McDonald’s French fries. 

A lot of folks believe in stopping for McDonald’s French fries on their way home from transfer. Unfortunately, there are no McDonald’s in Barbados! There are two options that my BFC friends and I have found that seem like great alternatives, though. Blakey’s is a restaurant and bar right across the street from the clinic. Their patio overlooks the ocean, and their fries are DELICIOUS! It’s easy and convenient to pop across the street to eat before heading back to your hotel. Chefette is Barbados’s version of McDonald’s… it’s chicken-based and a really fun menu (including ice cream). They do have fries (or chips, as they call them). They’re a little more out of the way, but there’s a location not too far from the clinic. Your cabbie can take you there, because you probably won’t feel like walking quite that far, but it’s not a huge detour. I definitely recommend trying both of those places at some point during your stay! And they’re not paying me to say that… even though I asked ;-) 


Turtles - especially sea turtles - are a symbol of fertility because of their massive clutches of hatchlings. Barbados is one of the best places you can be if you want to see sea turtles in person! 
  • You can snorkel with them from many of the beaches. All beaches in Barbados are public, so if you have a snorkel and mask, you're free to dive on in.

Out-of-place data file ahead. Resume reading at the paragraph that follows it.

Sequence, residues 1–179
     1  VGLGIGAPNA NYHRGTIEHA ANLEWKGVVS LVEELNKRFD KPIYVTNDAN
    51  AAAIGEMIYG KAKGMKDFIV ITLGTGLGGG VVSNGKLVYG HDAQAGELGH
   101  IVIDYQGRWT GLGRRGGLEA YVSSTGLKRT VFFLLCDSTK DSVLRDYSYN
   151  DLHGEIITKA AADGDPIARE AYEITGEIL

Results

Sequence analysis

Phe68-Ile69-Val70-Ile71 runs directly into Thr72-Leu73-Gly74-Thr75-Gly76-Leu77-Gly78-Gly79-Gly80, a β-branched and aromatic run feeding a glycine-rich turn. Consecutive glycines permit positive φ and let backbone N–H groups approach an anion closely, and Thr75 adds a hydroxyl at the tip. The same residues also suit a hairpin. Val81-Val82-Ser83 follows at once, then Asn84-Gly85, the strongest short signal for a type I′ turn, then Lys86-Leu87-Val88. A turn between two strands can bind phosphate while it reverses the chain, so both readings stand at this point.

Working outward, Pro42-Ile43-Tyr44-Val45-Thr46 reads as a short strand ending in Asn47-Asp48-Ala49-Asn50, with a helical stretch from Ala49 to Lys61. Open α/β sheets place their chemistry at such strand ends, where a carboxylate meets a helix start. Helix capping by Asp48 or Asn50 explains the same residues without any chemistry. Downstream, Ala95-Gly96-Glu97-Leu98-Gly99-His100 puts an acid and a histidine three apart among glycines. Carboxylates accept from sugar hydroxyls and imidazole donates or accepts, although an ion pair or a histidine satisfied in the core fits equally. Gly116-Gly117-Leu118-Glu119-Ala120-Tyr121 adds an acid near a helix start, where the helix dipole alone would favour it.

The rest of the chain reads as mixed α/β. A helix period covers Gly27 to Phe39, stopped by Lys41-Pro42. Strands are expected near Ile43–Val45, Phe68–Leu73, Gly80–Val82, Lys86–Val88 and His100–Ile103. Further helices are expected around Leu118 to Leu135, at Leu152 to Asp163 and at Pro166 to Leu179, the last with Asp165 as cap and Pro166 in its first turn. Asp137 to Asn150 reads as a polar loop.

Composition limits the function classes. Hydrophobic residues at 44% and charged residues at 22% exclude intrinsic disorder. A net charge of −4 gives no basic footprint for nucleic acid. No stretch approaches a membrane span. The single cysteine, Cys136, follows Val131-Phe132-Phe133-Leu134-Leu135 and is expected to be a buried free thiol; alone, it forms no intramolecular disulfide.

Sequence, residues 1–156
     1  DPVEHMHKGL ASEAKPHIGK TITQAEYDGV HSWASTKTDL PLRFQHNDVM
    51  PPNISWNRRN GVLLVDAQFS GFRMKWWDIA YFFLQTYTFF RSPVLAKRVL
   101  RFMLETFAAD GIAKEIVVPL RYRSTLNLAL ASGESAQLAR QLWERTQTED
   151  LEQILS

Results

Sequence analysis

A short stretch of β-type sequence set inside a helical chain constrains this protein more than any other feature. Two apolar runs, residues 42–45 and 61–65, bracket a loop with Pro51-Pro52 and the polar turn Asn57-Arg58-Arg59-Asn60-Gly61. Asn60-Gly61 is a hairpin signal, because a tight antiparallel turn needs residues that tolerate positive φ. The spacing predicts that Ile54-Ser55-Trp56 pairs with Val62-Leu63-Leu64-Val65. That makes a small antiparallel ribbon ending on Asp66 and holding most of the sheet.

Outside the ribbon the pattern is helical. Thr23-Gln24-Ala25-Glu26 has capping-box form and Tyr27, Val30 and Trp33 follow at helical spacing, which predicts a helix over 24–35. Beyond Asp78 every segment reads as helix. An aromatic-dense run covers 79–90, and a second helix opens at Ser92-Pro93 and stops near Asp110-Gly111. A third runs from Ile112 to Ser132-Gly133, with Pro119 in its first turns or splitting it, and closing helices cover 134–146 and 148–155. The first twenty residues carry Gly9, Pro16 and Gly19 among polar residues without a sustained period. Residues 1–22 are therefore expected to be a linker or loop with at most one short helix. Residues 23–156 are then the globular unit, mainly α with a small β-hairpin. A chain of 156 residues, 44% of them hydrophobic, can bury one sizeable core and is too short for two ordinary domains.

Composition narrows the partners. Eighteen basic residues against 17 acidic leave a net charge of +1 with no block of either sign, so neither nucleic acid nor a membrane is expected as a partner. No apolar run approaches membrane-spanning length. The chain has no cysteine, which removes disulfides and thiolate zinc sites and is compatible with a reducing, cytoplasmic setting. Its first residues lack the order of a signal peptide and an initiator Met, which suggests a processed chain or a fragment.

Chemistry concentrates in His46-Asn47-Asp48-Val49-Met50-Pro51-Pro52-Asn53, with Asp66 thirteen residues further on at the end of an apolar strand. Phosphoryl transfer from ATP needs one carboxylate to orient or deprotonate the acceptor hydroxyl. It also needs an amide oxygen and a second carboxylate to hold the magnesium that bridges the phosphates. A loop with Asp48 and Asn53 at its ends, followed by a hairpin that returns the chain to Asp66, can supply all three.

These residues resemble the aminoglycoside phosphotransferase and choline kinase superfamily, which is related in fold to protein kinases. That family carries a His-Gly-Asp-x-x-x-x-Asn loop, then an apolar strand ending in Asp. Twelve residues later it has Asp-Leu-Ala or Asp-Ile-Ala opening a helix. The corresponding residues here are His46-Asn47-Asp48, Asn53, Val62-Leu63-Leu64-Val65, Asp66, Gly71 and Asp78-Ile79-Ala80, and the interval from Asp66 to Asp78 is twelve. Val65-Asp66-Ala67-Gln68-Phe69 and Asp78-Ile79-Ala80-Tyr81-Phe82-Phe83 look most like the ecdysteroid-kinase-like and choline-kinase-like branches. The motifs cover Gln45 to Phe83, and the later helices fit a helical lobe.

• There are several catamaran cruises you can take to see sea turtles. Some are glass bottom boats, so if being *in* water isn't your thing, you can still see turtles if they swim under the boat. Look into Cool Runnings and Shasa... I've never been on a catamaran cruise, but I've heard good things about both of these companies. Read reviews, though, because different companies have different atmospheres, so make sure the one you choose is your style. There are boozy party cruises, athletic adventure cruises, family-friendly cruises, even private cruises. 
  • We went on a really cool submarine ride with Atlantis Submarines Barbados during our first trip to Barbados, and saw two sea turtles on the night time cruise. I believe that they're even more common to see during the daylight cruise. Either way, it was an amazing experience that I highly recommend!
  • Follow Barbados Sea Turtle Project on Facebook for the possible chance to attend a release of hatchlings! They do great conservation work, and I love following them and learning about them. There has never been a release open to the public when I've been on the island, but SOMEDAY, I hope to get to attend one.